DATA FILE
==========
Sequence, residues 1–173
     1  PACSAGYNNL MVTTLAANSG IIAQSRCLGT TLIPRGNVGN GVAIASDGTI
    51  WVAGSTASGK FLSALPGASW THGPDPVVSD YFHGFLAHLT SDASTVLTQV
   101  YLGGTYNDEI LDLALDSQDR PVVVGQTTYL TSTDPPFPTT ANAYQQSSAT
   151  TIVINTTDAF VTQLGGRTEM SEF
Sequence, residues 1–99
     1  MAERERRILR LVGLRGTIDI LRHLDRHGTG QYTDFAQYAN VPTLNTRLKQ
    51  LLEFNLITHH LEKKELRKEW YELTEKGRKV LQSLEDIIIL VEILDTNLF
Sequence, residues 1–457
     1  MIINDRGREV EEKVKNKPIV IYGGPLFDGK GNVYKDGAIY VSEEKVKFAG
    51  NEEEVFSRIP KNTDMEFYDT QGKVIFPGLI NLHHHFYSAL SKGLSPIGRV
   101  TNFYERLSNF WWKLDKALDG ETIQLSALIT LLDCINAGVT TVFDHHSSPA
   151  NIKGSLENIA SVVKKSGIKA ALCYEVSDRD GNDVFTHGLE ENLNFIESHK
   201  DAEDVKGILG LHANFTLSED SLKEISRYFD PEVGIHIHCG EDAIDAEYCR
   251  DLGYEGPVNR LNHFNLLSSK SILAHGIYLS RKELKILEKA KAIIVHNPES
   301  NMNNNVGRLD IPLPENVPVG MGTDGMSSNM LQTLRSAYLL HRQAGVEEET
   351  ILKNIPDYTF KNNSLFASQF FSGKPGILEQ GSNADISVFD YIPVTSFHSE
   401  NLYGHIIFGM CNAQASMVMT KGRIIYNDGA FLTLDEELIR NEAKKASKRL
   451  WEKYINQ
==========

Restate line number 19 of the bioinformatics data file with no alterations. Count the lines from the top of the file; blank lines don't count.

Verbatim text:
   451  WEKYINQ